Shigeto and Gudrun glance at one another and seem to exchange a series of subtle expressions, I am too preoccupied to parse them out. Eventually, the captain speaks to me, “would you like us to leave you be for a while now?”

Adham Ricardo stares at me, “I have studied the economic systems of dozens of worlds, all of them have the concept of property, whether it belongs to the individual, or the state, or the tribe. As a rule, denial of property rights to individuals inhibits technological or social progress. What can be property also varies a great deal, but the pattern I’ve noticed is that when land can be owned it enables ownership of people, and landowning individualist societies may or may not practice slavery but landowning groups always have slaves.”

Yes, we would.” Representative and Medic speak in unison as they get up to leave.

Engineer looks at Adham, pleading something, but what is unclear. “What do you consider my concept of property to be most like?”

“Goodbye, Emilia, we hope to speak to you again later.”

“You’re complicated,” Adham replies. “You’re both an individual and a culture all to yourself, and you don’t seem to have even considered yourself to have “owned” anything as you have had so little contact with anyone else.”

At this point Dr. Morris Taouchev comes back in and tells me that the procedure is complete. The leads in Engineer’s body retract and she is free to leave, Representative and Medic call out to her to confer. “Thank you for this most enlightening conversation, Adham Ricardo, I have much to think about now.” I leave.

Change of Plans

The weekly podcast was an interesting experiment, but I’m running out of material.  It takes me weeks to write one of those stories (I admit it, I’m a slow writer), but only about half an hour to turn a story into a podcast.  When I first suggested it as a Patreon reward I was thinking of only doing one episode per month, but with the complete lack of bites I figured I needed to put out a lot of material quickly.

“Of the Collective, Prologue” just debuted on the podcast stream last Sunday, and I haven’t finished that multi-chapter story yet.  I’m currently writing the third chapter and what I have planned could very well end up growing into another novella.  But at the rate I’m writing the podcast will catch up to the story in a month, maybe two if I drop everything non-essential and write.

So, given that my writing is the limiting factor, I’ve decided to cut back the podcast to once per month, but I’ll try to make them longer, around a half hour per episode.

However, to make sure this blog, where all my links are most easily accessible, remains active I’m considering something like Alistair Young’s “Trope a Day” feature.  I’ve already put the Para-Imperium and The Pride of Parahumans on the wiki, and at the very least I could expand each trope I listed into a full paragraph or two over the course of my lunch break.

Dabbling in Podcasting

A few years ago I got into audiobooks and podcast stories, both audiobook-format and audio dramas like they used to play on the radio before TV, as a means of staving off boredom at my 8-4 desk job.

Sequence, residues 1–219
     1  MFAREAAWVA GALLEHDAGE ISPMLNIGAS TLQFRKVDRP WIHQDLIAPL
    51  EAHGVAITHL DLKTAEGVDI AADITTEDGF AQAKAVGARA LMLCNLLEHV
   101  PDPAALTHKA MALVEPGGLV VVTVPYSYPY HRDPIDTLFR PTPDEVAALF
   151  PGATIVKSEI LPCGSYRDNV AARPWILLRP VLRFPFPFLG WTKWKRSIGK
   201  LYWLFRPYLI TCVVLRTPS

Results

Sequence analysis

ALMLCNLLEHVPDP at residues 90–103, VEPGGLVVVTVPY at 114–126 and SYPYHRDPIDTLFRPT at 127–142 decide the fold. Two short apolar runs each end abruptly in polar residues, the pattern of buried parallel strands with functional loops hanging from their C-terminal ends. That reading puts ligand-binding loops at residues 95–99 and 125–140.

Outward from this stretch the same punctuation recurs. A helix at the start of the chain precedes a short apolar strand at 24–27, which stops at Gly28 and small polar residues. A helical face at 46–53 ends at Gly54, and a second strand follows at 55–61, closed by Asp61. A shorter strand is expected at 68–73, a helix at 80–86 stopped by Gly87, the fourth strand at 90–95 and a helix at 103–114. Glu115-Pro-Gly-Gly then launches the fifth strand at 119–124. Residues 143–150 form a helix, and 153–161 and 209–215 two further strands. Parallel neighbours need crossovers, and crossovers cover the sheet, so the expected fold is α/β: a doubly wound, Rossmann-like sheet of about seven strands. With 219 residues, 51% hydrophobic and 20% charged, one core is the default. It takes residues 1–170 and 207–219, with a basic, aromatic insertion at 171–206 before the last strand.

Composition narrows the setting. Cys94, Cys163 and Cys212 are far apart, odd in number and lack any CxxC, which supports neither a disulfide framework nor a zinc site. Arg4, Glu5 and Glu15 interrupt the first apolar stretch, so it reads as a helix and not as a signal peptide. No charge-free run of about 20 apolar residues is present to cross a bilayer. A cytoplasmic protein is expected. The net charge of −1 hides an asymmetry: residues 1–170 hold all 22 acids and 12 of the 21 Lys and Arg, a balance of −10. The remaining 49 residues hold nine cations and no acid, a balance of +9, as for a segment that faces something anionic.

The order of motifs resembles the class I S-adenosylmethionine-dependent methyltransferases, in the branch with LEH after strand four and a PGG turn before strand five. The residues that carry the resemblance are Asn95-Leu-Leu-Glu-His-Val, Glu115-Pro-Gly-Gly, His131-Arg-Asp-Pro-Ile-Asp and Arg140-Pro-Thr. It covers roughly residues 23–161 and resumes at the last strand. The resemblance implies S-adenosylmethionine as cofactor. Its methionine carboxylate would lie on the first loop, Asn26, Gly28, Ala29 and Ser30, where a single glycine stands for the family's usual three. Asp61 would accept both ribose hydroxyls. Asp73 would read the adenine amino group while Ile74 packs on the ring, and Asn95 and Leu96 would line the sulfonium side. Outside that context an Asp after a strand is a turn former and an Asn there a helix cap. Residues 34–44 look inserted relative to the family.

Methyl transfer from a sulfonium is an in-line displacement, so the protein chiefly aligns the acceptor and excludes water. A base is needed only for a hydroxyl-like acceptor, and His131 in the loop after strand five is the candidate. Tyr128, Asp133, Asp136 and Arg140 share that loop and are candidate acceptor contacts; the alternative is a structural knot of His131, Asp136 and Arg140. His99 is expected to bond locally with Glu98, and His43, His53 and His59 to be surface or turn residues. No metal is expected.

One of the side effects was that I developed an interest in eventually podcasting my own stories.

As part of my New Year’s resolution I went ahead and started a podcast, Tales of the Para-Imperium on Soundcloud.  More recently I managed to register it on iTunes (they are really nitpicky about cover art).

So, if you want to hear my voice telling my own stories, go to Soundcloud or iTunes and search for Tales of the Para-Imperium.  I apologize for the quality, I’ve been recording on my iPhone and uploading from a Chromebook.

Sharing the Wealth

Due to the prevalence of automation and nanotechnology there are very few jobs in Federation space in the fields of mining, agriculture, or manufacturing, and the ones that exist are primarily supervision and programming of robots. Almost all manual labor is performed by machines, and with nanotechnology one can have a factory and recycling complex on their desk.

When automation all but eliminated manual labor in the Republic of New Pallas the government was faced with the prospect of hundreds of thousands of unemployed citizens, the obvious solution was to instate a guaranteed basic income that was enough to keep everyone fed and healthy, half the population was still living in state-owned arcology apartments anyway. For a couple centuries population expansion was carefully regulated to keep pace with the resources available and the progress of the terraforming operation and most seemed happy. Some of the permanently unemployed spent their time just soaking up entertainment, yes, but many others became artists, amateur scientists, or full-time parents.

Then there was the Plague War. The Republic was not hurt as badly as the SPPS but death spread throughout the arcologies regardless. While automated infrastructure remained intact its minders did not, breakdowns became increasingly commonplace leading to starvation. In addition, many parahumans became wary of packing so many people together in the immense but still confined city-buildings and fled to the largely unused countryside in droves. Desktop nanofabbers had become a luxury consumer product in the years before the plague, and some groups had (illegally) hacked them to self-replicate, now the starving masses were shoveling random plants and raw dirt into bootleg fabbers simply to eat.